The prince of the tribe of Dan bore the name Ahiezer, "brother of help," son of Ammishaddai, "My people's judge," because he was allied with the helpful tribe of Judah at the erection of the Tabernacle, and like this ruling tribe brought forth a mighty judge in the person of Samson.

The tribe of Asher was distinguished by the beauty of its women, which was so excellent that even the old among them were fairer and stronger than the young girls of the other tribes. For this reason kings chose the daughters of this tribe to be their wives, and these, through their intercession before the kings, saved the lives of many who had been doomed to death. Hence the name of the prince of the tribe of Asher, Pagiel, "the interceder," son of Ochran, "the afflicted," for the women of the tribe of Asher, through their intercession, obtained grace for the afflicted.

The prince of the tribe of Gad bore the name Eliasaph, "God multiplied;" son of Deuel, "God is a witness." To reward them for passing over the Jordan and not returning to their property on this side of the river until the promised land was won, their wealth was multiplied by God; for when, upon returning, they found the enemy at home, God aided them and they gained all their enemies possessions. God was furthermore witness that this tribe had no wicked motive when they erected an altar on their land.

The prince of the tribe of Naphtali was called Ahira, "desirable meadow," son of Enan, "clouds;" for the land of this tribe was distinguished by its extraordinary excellence. Its products were exactly what their owners "desired," and all this owing to the plenty of water, for the "clouds" poured plentiful rain over their land.

At the census of the people the tribes were set down in the order in which they put up their camp and moved in their marches. The tribes of Judah, Issachar, and Zebulun formed the first group, the royal tribe of Judah being associated with the tribe of learned men, Issachar, and with Zebulun, which through its generosity enabled Issachar to devote itself to the study of the Torah. The second group consisted of Reuben, Simeon, and Gad. The sinful tribe of Simeon was supported on the right by the penance of Reuben and on the left by the strength of Gad. The tribes of Ephraim, Manasseh, and Benjamin formed a group by themselves, for these before all the other tribes were destined to appear gloriously against Amalek. The Ephraimite Joshua was the first who was victorious against Amalek, the Benjamite Saul followed his example in his war against Agag, king of Amalek, and, under the leadership of men out of the tribe of Manasseh, the tribe of Simeon at the time of king Jehoshaphat succeeded in destroying the rest of the Amalekites, and to take possession formed the last group, and for the following reason were united in this way. The tribe of Dan had already at the time of the exodus from Egypt been possessed of the sinful thought to fashion an idol. To counteract this "dark thought" Asher was made its comrade, from whose soil came "the oil for lighting;" and that Dan might participate in the blessing, Naphtali, "full with the blessing of the Lord," became its second companion. [424]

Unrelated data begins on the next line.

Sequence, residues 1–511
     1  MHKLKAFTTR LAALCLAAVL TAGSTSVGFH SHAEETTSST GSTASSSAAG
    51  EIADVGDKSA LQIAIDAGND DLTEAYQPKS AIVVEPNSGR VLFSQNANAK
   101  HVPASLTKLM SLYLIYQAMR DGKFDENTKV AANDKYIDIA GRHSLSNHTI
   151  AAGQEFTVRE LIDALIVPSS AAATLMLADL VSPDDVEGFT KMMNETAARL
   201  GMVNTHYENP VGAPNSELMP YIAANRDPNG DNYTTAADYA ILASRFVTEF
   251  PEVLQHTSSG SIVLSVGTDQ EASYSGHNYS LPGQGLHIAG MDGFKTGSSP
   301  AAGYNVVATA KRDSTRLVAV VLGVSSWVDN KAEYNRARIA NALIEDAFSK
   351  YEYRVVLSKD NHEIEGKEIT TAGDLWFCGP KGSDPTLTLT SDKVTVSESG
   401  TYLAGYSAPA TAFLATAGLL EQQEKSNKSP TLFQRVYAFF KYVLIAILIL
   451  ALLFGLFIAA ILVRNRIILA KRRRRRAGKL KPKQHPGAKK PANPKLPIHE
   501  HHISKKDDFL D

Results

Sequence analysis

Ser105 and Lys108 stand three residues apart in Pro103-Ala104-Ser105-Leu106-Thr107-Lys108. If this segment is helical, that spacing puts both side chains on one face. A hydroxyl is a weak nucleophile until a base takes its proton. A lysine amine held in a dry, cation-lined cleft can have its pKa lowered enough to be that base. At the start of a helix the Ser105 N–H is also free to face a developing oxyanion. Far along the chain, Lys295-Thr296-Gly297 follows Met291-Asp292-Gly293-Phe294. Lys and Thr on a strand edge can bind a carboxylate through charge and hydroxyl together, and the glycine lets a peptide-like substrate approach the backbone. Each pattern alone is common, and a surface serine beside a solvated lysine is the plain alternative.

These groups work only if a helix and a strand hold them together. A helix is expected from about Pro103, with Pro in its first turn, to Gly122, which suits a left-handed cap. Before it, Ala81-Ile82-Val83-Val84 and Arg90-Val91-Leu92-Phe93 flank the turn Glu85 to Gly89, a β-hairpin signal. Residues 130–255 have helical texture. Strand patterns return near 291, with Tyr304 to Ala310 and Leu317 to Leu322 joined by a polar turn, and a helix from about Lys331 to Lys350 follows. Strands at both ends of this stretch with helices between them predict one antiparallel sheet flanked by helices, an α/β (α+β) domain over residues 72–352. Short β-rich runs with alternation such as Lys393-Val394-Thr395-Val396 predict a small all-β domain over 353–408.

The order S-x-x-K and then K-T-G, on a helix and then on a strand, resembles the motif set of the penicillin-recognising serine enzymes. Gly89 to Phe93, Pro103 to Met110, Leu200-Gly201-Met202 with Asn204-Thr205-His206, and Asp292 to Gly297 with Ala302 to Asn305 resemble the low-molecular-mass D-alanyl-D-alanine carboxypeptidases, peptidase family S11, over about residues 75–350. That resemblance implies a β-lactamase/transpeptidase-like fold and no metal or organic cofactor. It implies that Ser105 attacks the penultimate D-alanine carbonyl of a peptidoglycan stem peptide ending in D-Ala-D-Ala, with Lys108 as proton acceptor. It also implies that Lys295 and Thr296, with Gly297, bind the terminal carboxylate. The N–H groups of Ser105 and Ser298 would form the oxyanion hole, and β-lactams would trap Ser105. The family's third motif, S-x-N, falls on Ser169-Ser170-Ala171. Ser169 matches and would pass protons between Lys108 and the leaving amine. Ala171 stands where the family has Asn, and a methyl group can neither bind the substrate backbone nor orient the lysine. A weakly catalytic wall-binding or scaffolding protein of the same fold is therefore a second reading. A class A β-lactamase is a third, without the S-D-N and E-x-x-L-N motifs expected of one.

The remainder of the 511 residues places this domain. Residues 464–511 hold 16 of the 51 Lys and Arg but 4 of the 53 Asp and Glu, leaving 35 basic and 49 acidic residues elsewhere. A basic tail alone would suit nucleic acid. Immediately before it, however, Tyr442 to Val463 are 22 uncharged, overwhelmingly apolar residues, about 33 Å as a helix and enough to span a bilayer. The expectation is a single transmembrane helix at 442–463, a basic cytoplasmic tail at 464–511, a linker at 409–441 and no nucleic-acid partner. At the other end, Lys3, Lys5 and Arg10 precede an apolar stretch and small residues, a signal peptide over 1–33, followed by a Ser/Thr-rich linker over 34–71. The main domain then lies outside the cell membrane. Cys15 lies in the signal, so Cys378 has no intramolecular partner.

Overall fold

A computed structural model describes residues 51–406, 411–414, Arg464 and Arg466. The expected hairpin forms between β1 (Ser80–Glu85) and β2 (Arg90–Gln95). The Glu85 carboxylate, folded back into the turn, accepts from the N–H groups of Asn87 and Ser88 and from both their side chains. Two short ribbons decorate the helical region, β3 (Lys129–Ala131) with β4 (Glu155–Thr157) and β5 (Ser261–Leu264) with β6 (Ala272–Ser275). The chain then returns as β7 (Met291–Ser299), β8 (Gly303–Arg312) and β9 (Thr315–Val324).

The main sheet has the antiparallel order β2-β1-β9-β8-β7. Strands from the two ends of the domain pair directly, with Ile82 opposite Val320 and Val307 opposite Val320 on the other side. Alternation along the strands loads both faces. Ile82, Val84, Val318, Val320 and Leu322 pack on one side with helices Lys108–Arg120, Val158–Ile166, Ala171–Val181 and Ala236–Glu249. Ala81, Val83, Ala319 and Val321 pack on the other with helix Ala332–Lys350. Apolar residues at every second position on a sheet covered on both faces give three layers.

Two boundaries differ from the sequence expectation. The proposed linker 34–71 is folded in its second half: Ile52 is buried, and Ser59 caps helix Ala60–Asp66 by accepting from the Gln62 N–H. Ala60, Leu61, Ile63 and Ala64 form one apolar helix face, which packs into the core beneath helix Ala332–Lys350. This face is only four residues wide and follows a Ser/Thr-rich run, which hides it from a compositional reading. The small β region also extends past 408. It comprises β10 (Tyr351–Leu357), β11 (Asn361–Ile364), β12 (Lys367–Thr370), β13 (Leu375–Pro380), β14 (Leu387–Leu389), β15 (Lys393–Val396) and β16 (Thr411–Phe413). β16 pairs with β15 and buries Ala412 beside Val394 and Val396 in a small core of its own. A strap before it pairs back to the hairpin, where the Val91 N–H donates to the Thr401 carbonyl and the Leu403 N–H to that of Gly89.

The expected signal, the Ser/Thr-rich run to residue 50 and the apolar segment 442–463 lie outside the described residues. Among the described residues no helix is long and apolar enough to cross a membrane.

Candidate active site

At this third census the number of men who were able to go to war proved to be exactly the same as the second census, taken in the same year. Not one among Israel had died during this period, from the beginning of the erection of the Tabernacle to its dedication, when the third census took place. [425] But no conclusive evidence concerning the sum total of the separate tribes can be drawn from this number of men able to go to war, because the ration of the two sexes varied among the different tribes, as, for example, the female sex in the tribe of Naphtali greatly outnumbered the male. [426]